5 Benefits of Open Source Software
Business owners daunted by the cost of acquiring new commercial software often find themselves looking for free alternatives.
Open source software will often show up in the top results, but rather than being a free alternative, this offers advantages commercial software cannot. Here are five benefits of open source which you won’t find elsewhere.
1. More Security
Users inexperienced with open source products may be concerned about their security. Because the source code is available to anyone with an Internet connection, aren’t security flaws easy to see, giving malicious programmers vital information about the software’s vulnerabilities?
While that concern is understandable, it’s unfounded, for precisely the reason that gave concern in the first place. Because the source code is open, programmers can locate security flaws and repair them. And because open source development teams are generally larger than their commercial counterparts, there are more eyes looking at the code. That means open source projects have more minds making the software secure.
2. Fewer Bugs and Faster Fixes
While probably no software is completely bug free, the nature of open source software development helps catch and fix bugs early. That speed is especially visible when contrasted with commercial software’s bug fix cycle.
A member of an open source development team can release a new version immediately after finding and fixing a bug, which is then available to the public. Users have the option of upgrading immediately or waiting until the official upgrade. There is no such speed in the commercial software world.
3. No Upgrade Push
One of the few ways software vendors have of ensuring ongoing revenue from any particular business customer is to pressure them to upgrade. Often an upgrade offers no real benefit to the user. But if a user becomes comfortable with a particular version and chooses not to upgrade, the upgrade cycle will eventually leave the user behind without support or with obsolete file formats.
Open source software, on the other hand, often has no such push toward upgrades. Open source projects are more likely to adhere to slowly changing standards. The software changes only gradually, so the interface remains familiar. And file formats generally remain consistent. While software upgrades will advance as technology changes, there is usually a much smaller penalty for refusing to upgrade. And if a business user does choose to upgrade, the changes will be less drastic.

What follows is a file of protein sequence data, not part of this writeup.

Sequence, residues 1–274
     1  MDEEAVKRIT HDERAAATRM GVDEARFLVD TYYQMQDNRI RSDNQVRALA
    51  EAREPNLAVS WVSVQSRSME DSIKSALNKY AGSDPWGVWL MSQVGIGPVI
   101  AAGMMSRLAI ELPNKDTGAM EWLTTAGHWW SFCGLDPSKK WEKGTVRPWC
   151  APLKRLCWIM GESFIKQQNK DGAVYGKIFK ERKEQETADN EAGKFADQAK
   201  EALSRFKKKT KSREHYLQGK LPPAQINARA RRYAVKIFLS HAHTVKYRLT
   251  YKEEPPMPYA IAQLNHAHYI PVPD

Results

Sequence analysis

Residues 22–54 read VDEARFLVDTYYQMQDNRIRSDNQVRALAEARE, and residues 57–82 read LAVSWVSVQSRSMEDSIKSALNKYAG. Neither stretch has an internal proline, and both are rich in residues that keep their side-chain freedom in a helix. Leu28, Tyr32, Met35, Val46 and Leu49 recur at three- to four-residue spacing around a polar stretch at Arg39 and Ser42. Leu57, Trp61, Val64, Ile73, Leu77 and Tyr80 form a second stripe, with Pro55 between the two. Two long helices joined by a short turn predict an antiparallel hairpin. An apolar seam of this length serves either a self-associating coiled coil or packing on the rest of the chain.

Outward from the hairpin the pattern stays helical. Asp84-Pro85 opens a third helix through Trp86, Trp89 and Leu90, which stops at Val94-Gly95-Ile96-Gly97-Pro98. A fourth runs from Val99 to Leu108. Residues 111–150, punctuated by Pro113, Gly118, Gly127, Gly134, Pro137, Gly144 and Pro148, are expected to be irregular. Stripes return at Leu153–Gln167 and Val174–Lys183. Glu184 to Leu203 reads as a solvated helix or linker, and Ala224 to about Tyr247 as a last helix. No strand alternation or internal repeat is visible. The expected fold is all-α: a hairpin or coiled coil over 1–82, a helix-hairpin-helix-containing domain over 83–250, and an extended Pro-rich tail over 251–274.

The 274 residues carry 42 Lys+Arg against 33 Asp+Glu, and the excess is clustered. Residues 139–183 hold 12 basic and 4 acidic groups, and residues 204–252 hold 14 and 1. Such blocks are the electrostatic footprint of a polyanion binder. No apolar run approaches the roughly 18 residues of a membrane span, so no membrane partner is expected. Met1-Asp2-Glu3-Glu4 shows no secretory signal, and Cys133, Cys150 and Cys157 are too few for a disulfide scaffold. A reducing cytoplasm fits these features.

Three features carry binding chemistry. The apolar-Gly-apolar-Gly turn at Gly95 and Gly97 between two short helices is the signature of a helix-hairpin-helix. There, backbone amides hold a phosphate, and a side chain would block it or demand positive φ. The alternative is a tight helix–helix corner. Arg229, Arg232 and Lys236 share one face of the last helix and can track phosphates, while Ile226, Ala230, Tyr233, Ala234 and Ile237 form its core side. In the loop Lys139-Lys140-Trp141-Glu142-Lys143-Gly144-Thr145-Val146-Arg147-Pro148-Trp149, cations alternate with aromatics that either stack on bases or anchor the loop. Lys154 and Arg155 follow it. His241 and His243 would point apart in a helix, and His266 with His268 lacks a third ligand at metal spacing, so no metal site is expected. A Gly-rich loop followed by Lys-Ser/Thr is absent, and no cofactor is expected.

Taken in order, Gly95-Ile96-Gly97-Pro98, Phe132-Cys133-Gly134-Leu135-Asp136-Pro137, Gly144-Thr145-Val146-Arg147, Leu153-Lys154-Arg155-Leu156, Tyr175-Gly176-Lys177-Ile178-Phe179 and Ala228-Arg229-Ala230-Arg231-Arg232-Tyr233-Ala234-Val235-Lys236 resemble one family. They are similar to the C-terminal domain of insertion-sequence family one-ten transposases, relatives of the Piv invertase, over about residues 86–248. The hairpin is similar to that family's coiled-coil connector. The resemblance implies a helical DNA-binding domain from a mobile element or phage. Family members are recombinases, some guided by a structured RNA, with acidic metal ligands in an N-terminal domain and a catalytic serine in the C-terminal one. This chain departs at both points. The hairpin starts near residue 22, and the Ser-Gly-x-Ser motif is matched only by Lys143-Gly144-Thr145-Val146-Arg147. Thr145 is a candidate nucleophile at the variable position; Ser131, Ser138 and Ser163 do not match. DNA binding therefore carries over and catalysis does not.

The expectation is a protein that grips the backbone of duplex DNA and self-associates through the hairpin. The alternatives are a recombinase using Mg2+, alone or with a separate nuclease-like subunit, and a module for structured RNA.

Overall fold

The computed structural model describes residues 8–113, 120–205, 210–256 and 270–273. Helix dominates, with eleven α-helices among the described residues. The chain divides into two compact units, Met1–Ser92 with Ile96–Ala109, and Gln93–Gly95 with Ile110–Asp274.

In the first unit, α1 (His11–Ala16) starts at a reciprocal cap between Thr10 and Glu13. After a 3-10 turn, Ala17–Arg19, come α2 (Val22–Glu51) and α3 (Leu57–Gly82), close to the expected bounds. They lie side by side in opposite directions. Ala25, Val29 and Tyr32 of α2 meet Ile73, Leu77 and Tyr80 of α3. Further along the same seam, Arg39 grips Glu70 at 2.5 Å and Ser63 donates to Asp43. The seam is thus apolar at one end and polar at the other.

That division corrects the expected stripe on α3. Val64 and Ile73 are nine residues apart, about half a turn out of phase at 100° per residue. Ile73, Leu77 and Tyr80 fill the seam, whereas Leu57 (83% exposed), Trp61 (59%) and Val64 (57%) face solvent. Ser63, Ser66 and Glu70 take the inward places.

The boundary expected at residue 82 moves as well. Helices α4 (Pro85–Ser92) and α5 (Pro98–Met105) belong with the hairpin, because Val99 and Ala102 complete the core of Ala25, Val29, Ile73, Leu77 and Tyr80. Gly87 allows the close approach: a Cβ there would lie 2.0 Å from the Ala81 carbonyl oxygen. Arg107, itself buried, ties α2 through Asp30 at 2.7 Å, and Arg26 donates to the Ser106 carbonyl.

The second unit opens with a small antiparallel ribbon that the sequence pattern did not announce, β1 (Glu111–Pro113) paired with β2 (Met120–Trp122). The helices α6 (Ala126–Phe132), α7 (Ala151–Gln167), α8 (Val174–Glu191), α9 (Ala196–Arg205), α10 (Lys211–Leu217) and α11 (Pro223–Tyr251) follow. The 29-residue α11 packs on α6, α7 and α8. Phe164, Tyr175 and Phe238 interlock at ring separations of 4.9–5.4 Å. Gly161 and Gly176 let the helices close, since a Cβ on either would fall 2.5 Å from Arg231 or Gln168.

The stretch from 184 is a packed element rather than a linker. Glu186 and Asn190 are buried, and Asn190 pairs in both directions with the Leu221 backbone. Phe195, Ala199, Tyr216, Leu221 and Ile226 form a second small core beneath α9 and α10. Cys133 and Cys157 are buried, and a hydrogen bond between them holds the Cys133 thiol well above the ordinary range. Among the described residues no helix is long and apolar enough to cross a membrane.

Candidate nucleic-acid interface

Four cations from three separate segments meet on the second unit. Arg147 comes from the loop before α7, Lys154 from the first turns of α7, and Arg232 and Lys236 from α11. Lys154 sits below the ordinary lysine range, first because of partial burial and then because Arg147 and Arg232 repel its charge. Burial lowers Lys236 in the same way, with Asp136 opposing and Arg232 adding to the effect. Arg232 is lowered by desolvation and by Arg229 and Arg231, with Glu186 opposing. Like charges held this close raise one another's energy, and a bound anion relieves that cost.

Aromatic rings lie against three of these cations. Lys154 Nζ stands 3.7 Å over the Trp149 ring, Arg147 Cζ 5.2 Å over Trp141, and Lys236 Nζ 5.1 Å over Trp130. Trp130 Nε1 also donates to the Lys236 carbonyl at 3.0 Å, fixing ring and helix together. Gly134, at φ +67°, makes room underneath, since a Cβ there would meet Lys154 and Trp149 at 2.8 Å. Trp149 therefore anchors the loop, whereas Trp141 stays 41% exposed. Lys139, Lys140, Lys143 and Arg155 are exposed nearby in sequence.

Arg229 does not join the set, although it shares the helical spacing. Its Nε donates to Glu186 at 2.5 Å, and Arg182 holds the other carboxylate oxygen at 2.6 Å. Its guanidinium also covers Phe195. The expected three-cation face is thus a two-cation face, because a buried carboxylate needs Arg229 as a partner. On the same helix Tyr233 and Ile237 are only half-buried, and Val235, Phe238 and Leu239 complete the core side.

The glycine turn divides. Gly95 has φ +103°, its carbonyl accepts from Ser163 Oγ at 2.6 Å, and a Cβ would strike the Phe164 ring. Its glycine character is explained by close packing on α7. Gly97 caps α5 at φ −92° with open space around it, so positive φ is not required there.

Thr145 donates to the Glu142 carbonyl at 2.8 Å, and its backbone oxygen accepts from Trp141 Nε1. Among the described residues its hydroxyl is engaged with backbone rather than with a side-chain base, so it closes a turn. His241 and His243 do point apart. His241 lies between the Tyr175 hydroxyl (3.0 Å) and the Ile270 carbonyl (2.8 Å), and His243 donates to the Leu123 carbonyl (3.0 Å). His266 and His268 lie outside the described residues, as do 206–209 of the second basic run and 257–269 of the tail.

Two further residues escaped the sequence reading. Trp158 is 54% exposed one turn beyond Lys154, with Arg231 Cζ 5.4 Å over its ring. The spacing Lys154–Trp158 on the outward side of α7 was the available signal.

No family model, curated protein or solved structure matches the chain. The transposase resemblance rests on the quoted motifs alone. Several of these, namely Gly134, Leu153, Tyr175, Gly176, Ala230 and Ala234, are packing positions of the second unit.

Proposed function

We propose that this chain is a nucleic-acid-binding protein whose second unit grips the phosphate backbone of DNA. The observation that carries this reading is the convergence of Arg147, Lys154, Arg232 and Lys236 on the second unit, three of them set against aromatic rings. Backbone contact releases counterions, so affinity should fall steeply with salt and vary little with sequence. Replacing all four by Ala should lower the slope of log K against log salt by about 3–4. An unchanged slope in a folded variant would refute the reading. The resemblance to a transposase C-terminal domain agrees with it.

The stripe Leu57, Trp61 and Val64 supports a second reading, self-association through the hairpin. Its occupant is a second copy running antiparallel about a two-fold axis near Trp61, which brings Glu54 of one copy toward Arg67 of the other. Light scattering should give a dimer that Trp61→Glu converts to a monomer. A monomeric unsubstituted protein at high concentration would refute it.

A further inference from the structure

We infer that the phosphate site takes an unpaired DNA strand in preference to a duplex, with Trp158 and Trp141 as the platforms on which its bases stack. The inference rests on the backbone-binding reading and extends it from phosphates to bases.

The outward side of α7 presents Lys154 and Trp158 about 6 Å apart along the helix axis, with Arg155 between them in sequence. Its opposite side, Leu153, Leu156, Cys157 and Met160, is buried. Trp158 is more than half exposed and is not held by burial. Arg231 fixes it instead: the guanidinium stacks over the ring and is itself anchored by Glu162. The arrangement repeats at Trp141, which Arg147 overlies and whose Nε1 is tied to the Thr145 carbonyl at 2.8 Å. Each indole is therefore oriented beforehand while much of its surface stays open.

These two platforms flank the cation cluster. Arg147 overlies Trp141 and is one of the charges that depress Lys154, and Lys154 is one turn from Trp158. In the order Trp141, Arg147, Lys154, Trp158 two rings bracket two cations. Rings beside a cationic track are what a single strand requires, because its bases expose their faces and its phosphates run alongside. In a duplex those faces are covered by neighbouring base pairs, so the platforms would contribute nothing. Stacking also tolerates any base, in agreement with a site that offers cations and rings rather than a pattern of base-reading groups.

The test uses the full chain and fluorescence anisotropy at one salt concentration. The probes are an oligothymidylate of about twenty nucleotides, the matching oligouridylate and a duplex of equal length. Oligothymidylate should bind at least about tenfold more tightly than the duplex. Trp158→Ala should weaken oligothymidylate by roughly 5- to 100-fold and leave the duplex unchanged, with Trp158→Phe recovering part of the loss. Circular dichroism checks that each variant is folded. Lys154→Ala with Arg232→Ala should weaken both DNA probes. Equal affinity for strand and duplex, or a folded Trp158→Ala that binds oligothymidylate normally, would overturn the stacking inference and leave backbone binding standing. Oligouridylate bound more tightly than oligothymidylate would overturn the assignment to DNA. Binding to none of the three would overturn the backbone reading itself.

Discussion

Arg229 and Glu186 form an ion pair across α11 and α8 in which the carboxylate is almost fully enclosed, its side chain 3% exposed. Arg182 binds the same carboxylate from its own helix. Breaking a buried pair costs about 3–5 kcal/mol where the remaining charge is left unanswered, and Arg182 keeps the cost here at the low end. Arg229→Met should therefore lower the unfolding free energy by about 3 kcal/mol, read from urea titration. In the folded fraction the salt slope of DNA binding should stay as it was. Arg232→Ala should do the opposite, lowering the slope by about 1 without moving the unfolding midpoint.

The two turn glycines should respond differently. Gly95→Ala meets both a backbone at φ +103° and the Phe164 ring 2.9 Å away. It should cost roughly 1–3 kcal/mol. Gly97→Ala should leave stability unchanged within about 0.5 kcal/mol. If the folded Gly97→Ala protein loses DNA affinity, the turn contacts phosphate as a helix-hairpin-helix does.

4. Excellent Support Options
There are a range of support options available for open source software, many of them free. The open source community tends to be passionate about its technology, and there is an ethos of helping and sharing. So you’ll find numerous forums and communities dedicated to the support of open source projects.
And the answers are easy to find. Search any help question for an open source product, and you’ll most likely find a forum post with the answer. Forums members are quick to respond to requests, too. Want paid support? You’ll likely find it for a lower fee than for the official support of commercial software.
5. Low Cost and Added Value
Open source projects often have no fee attached, and this non-commerciality tends to be an important part of the open source community’s ethos. Furthermore, consider the lack of an expensive upgrade push and the availability of free or affordable support, and the proposition seems even more attractive. Often, you receive functionality equal to or better than that of commercial software, and significant value-adding extras, too, for no fee whatsoever.
While not every open source project is better than the commercial competition, it will frequently give it a run for the money. You get better security, with quicker bug fixes. And the slowly changing nature of open source means your business won’t be forced to adapt to new upgrades every year. Support is responsive and accessible, and the products are eminently affordable. All this means you should consider your open source options whenever acquiring new software.